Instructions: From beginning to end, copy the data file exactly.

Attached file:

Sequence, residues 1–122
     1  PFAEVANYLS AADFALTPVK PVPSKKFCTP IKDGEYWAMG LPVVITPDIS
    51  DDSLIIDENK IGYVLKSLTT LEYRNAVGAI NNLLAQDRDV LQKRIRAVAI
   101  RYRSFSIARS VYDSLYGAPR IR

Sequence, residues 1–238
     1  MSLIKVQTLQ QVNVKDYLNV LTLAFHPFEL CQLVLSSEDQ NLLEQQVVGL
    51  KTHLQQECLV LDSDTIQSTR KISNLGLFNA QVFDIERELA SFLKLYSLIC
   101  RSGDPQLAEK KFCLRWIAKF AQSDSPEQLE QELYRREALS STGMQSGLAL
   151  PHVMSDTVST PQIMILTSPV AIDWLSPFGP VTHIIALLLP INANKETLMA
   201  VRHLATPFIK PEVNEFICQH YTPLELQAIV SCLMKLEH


Sequence, residues 1–122
     1  PFAEVANYLS AADFALTPVK PVPSKKFCTP IKDGEYWAMG LPVVITPDIS
    51  DDSLIIDENK IGYVLKSLTT LEYRNAVGAI NNLLAQDRDV LQKRIRAVAI
   101  RYRSFSIARS VYDSLYGAPR IR

Sequence, residues 1–238
     1  MSLIKVQTLQ QVNVKDYLNV LTLAFHPFEL CQLVLSSEDQ NLLEQQVVGL
    51  KTHLQQECLV LDSDTIQSTR KISNLGLFNA QVFDIERELA SFLKLYSLIC
   101  RSGDPQLAEK KFCLRWIAKF AQSDSPEQLE QELYRREALS STGMQSGLAL
   151  PHVMSDTVST PQIMILTSPV AIDWLSPFGP VTHIIALLLP INANKETLMA
   201  VRHLATPFIK PEVNEFICQH YTPLELQAIV SCLMKLEH